Remove turkey from brine, rinse, and pat dry. Season with salt and pepper inside and out. Safely allowing the turkey to approach room temperature will result in a more even cook.
Preheat oven to 350 degrees. Based on the weight of the turkey, determine an estimated cooking time (about 20 minutes per pound). Place turkey in roasting pan.
Turkey hits the oven. Enjoy a beverage.
For the next few hours, you’re relatively free to assist with side preparation, round up young and restless relatives, call your mother-in-law… but be sure to stay mindful of a few turkey skin care points. Basting the turkey a couple of times per hour will aid the skin to crispy brown perfection, but — if the skin appears to be browning too quickly, tent the tent with aluminum foil to protect the surface through the roast.
This time will vary according to the size of the bird, but after a few hours in the oven, the turkey is ready to be checked for internal temperature. This initial temp check provides some idea as to how much longer the bird will take to reach temperature, and also gives an idea of how quickly the more exposed parts are cooking compared to the deepest, slowest parts. Oven temperature adjustments can be used to prevent drying out the top of the breast before the inside can reach temperature.
3:10 PM or about 1 hour before removal
If your bird could use a little more crisp, remove the foil tent to expose the skin for the remainder of the roast.
4:00 pm or when deepest part of breast reaches 155 degrees
The recommended temperature for safely consuming poultry is 165 degrees. After removing the turkey from the oven at an internal temp of 155, tent the bird with aluminum foil. During a period of “carryover cooking,” the internal temperature of the deepest parts of the bird will continue to rise.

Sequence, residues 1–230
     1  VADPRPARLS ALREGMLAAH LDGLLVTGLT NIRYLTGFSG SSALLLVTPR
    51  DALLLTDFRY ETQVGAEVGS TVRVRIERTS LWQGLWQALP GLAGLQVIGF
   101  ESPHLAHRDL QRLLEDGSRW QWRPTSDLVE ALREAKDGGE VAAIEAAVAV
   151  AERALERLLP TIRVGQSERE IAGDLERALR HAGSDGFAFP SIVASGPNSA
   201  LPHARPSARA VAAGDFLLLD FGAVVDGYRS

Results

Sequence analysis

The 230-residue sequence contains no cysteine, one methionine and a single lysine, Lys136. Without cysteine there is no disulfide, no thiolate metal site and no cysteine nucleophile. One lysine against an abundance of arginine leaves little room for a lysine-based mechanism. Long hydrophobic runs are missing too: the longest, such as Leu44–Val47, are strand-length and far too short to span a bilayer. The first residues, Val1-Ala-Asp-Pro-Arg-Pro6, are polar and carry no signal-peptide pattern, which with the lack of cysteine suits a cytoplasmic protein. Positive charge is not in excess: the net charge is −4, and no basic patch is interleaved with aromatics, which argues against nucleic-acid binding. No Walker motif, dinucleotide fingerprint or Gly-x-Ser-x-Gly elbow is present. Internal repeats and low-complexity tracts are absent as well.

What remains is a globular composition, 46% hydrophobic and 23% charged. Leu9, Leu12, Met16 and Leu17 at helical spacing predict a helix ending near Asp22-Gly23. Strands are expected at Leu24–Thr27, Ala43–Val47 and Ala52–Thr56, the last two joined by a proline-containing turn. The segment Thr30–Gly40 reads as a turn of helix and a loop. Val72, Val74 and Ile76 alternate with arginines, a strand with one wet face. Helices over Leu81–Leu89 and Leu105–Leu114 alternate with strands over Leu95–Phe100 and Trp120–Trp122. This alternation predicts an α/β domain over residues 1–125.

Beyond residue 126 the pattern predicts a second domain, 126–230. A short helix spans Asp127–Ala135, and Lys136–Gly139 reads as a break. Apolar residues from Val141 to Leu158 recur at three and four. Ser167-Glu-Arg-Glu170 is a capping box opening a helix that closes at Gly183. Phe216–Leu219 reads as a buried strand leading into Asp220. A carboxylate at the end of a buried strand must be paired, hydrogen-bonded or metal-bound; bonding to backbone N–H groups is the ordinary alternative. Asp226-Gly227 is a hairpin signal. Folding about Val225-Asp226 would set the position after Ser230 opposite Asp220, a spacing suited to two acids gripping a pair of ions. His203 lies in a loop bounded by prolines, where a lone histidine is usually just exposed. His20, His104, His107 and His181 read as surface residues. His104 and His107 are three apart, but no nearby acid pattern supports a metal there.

Tip: It’s now time to call helpers into action. Ensure the casseroles have made it to the oven, enlist nieces and nephews to begin preparing the meal presentation by moving salads, rolls, and condiments to the serving table.
When the turkey has been removed from the pan and tented, scoop a heap of the pan dripping into a glass, and place in the refrigerator for a couple of minutes. The fat will rise to the surface while the liquid drippings remain below. Scoop the fat from the glass into a pan and place over low heat. Estimate an equal amount of flour and combine over low heat to form a roux, adding liquid drippings when the mixture is too thick, or adding flour to a watery roux. Continue to stir over low heat until the roux reaches a deep golden brown color. Remove previously prepared stock from refrigerator and combine with roux. Continue to mix over heat to complete gravy.
4:30 PM or after 30 minutes of rest for turkey
When your gravy is complete, it’s probably about time to start carving the turkey and making final preparations. Once again check that helpers have set the table, and carve the turkey onto the service platter. Move gravy into serving boat, and move all items to buffet.
Take your seat at the head of the table, pour a glass of wine, and share a feast with the family.